Video – Saturn’s rings ‘dying at worst-case-scenario rate’

An Olympic size swimming pool of water is raining down on Saturn every half hour… from its iconic rings, according to new research.

The solar system’s most spectacular feature is disappearing at an ‘alarming’ speed – and will be completely gone within 100 million years, say astronomers.

This is the worst case scenario predicted from flybys by the Voyager 1 and 2 and Cassini spacecrafts.

The chunks of ice spinning round the gas giant in a great circle are being pulled in by gravity under the influence of its magnetic field.

Dr James O’Donoghue, of NASA’s Goddard Space Flight Centre in Greenbelt, Maryland, said: “We estimate this ‘ring rain’ drains the equivalent of an Olympic-sized swimming pool from Saturn’s rings in half an hour.”

This would see the entire ring system vanish in 300 million years – but it may actually happen more than three times faster.

Dr O’Donoghue and colleagues used instruments attached to the Keck telescope in Hawaii to discover the phenomenon.

The University of Leicester graduate said: “Add to this the Cassini-spacecraft detected ring-material falling into Saturn’s equator, and the rings have less than 100 million years to live.”

The study, published in the journal Icarus, found the rings are dying at the maximum rate estimated from Voyager 1 and 2 observations made decades ago.

Although it still sounds like a long way off, it is comparatively short compared to Saturn’s age of over 4 billion years.

Dr Tom Stallard, of the University of Leicester, said: “The young age of the rings has some really startling implications.

“It is possible, in the age of the dinosaurs, that Saturn’s rings were even larger and brighter than we see them today.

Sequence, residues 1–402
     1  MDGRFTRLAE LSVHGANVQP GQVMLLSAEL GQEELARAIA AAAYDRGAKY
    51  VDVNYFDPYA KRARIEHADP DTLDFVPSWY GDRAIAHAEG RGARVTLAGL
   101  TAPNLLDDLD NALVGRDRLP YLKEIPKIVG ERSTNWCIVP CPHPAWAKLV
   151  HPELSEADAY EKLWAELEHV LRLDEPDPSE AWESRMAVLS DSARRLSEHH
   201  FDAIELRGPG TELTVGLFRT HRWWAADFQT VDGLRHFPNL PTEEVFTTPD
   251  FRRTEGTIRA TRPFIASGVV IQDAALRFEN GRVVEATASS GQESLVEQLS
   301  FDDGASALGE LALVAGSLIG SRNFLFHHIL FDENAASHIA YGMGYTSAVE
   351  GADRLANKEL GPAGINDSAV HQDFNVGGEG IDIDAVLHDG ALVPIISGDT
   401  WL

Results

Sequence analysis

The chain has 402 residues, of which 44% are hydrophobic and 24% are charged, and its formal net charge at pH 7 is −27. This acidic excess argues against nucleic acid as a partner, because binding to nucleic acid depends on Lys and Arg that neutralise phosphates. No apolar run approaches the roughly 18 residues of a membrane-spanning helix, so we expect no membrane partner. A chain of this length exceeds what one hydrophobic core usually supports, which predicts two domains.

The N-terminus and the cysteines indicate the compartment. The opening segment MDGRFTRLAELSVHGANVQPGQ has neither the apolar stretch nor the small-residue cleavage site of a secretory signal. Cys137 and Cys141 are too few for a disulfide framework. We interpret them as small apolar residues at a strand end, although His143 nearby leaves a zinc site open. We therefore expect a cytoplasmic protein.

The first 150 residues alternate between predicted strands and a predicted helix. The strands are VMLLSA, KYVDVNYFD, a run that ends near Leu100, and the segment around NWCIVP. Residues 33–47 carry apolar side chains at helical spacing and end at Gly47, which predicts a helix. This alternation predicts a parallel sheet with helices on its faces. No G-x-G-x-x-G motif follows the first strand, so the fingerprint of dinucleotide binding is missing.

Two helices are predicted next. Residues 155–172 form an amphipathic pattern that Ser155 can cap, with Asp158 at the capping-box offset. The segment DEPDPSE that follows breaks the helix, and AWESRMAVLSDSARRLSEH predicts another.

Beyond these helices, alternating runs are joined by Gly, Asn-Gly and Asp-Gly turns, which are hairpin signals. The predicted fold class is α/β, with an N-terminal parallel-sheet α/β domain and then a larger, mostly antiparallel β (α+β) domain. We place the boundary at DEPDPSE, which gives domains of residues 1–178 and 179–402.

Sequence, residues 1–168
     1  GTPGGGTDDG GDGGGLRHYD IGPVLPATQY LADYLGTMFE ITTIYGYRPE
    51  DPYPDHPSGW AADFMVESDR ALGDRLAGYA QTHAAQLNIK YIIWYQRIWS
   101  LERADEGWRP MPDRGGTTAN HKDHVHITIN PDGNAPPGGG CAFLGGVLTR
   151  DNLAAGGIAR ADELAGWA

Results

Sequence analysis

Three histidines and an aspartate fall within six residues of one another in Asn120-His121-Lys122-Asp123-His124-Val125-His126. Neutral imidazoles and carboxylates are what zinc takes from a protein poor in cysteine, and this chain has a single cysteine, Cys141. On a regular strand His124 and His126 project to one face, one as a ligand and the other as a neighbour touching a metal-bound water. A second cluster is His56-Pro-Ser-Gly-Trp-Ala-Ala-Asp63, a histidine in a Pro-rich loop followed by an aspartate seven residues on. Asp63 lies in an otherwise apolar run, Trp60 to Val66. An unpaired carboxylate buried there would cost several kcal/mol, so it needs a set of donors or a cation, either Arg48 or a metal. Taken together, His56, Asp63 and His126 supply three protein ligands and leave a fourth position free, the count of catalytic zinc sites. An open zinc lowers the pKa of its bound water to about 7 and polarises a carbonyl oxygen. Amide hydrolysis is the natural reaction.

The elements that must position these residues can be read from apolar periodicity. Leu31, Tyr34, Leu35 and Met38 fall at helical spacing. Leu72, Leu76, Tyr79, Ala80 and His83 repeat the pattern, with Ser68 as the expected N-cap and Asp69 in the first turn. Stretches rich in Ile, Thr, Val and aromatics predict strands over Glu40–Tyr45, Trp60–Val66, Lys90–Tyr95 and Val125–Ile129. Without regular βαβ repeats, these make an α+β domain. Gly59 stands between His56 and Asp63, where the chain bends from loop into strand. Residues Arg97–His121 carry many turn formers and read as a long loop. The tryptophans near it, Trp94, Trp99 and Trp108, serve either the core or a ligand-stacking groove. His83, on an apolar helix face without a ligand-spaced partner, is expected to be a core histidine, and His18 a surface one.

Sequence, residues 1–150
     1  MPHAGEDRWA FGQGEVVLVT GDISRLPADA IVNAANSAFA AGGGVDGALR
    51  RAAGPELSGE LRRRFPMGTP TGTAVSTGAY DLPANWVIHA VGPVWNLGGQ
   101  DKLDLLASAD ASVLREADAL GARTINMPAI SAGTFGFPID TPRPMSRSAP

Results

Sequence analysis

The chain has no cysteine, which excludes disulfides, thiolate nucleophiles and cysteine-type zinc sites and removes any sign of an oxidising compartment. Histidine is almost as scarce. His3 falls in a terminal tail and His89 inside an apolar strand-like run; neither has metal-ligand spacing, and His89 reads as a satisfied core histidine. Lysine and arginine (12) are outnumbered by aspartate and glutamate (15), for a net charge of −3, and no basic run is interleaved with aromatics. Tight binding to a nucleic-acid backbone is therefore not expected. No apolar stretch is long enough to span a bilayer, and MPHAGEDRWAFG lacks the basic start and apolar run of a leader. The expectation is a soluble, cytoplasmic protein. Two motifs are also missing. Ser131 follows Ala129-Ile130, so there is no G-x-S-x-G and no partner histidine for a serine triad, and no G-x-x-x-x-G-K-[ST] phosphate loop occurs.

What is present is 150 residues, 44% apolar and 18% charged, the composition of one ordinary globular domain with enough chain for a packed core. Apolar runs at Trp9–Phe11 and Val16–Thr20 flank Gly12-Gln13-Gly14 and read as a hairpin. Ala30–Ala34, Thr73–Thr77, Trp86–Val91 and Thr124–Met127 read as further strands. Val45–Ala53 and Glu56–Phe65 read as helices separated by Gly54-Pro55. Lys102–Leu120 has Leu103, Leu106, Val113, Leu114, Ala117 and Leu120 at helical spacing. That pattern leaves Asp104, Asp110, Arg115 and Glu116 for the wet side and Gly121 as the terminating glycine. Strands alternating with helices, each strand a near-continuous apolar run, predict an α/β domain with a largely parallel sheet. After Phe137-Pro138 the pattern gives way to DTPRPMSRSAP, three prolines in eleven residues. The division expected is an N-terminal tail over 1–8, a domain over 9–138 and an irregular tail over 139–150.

“Something dramatic must have happened around Saturn to make them this large, long after the planet itself formed.”

The first hints that ring rain existed came from Voyager observations of a seemingly unrelated phenomena.

These include changes in Saturn’s upper atmosphere, density variations in the rings and three narrow dark bands around the planet at northern mid-latitudes.

They appeared in images of Saturn’s hazy upper atmosphere, or ionosphere, made by NASA’s Voyager 2 mission in 1981.

In 1986, Jack Connerney of NASA Goddard published a paper in Geophysical Research Letters that linked the narrow dark bands to the shape of Saturn’s magnetic field.

This suggested electrically-charged ice particles from the rings were flowing down invisible magnetic field lines – and dumping water in the upper atmosphere.

It washed away the stratospheric haze – making it appear dark and producing the narrow dark bands captured in the Voyager images.

The next phase of Dr O’Donoghue’s research will explore how the rings change according to changes in Saturn’s seasons.

The origins of Saturn’s rings have long puzzled scientists, who are still unsure if the planet was formed with the rings or if it acquired them at a later stage.

According to the findings of the new research, it is now considered to be more likely that it acquired the rings after it formed.

The study suggests Saturn’s rings are unlikely to be older than 100 million years.

Dr O’Donoghue said: “We are lucky to be around to see Saturn’s ring system, which appears to be in the middle of its lifetime.

“However, if rings are temporary, perhaps we just missed out on seeing giant ring systems of Jupiter, Uranus and Neptune, which have only thin ringlets today!”

Theories which could explain the origin of the rings include the idea they came about when small icy moons collided after their orbits were disturbed by a passing asteroid or comet.

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